A sense of duty seems to be the main thing distinguishing man from beast in these three long, thematically linked stories, the first of the Brazilian novelist’s work to be published in America.
There’s a certain nobility to the “brutes” of this collection, the ones who do the work too dirty or dangerous for others—gutting the pigs, collecting the trash, burning the corpses—but without whose efforts society could not function. Their work tends to dehumanize some of them, such as those who work the slaughterhouse in the opening “Between Dogfights and Hog Slaughter,” where man, meat, and sex converge. Deboning a pig can arouse lust, and human organs can be mistaken for food. (It’s not a story you’d want to read before dinner.) In the second, “The Dirty Work of Others,” the trash-collecting protagonist realizes that “everything transforms into trash; even he himself is trash to the many people, rats and vultures that constantly peck at him.” Again, boundaries blur, as a man senses the spirit of a pedophile who had defiled him within the body of a goat, and it’s there he finds some sort of redemption. A trash collectors strike threatens the city: “Vultures gather: the skies belong to them...rats reproduce abundantly and attack people in broad daylight.” The third story, “carbo animalis,” is the longest and most ambitious, a meditation on the essence of fire that encompasses both a particularly heroic firefighter and an overly busy crematorium. In a cold winter, the corpses provide the fuel for “the heat and energy necessary for the living to go on living.” As if humanity simply fuels the furnace that allows a mechanistic world to perpetuate itself.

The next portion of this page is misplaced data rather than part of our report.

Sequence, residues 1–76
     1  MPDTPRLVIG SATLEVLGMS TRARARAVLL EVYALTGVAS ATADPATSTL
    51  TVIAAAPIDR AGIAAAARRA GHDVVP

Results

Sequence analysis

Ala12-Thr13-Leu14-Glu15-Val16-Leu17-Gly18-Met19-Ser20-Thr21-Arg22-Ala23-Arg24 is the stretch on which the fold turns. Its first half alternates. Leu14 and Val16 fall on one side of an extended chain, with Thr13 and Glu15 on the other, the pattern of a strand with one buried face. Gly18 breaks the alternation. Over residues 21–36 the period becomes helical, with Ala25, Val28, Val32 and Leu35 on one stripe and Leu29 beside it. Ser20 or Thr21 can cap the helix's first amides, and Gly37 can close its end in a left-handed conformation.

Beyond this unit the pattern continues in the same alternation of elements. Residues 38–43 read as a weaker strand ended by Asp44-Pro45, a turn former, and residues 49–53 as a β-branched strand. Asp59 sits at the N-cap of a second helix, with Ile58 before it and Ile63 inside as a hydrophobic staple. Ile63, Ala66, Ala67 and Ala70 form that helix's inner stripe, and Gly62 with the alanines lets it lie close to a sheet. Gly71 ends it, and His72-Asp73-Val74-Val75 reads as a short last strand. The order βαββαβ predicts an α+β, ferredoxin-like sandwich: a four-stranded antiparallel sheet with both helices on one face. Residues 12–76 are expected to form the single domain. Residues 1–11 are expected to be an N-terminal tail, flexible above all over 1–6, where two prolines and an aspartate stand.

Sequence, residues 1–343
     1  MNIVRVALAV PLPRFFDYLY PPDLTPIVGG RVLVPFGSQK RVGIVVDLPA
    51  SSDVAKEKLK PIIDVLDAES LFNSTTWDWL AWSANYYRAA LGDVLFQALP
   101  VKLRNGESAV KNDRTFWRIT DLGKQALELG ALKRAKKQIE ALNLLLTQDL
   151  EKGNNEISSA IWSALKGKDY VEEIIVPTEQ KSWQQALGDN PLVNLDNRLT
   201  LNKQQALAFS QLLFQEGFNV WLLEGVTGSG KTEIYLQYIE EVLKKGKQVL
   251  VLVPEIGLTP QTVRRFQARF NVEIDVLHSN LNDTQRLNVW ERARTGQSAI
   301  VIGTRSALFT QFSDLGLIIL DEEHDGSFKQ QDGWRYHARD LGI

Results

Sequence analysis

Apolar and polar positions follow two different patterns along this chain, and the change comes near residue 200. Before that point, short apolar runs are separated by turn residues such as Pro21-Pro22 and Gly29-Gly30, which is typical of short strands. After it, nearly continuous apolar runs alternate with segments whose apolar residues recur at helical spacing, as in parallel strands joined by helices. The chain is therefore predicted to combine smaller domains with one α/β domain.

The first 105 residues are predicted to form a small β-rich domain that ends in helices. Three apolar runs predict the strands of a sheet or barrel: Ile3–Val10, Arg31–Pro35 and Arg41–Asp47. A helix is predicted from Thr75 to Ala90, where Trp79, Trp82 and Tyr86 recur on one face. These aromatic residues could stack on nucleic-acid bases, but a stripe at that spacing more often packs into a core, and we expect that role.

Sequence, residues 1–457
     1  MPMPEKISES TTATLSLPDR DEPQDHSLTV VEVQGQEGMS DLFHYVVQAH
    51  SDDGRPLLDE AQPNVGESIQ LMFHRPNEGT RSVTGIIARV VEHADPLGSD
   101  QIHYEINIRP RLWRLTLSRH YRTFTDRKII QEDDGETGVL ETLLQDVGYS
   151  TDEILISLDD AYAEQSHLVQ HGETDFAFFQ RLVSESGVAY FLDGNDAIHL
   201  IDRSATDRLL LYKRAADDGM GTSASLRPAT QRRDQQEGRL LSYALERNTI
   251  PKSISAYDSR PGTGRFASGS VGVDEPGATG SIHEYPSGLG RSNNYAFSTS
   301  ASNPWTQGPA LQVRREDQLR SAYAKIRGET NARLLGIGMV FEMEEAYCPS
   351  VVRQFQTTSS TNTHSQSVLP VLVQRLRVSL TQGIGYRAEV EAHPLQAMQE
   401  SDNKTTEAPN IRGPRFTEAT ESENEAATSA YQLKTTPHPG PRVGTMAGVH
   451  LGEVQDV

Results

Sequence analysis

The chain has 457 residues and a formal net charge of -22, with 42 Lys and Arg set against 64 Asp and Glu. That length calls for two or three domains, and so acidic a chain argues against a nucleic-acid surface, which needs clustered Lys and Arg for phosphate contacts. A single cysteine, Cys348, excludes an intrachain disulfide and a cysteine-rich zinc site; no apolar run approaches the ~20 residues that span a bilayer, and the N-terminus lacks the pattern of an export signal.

A bleak vision that offers glimmers of compassion amid the unremitting despair.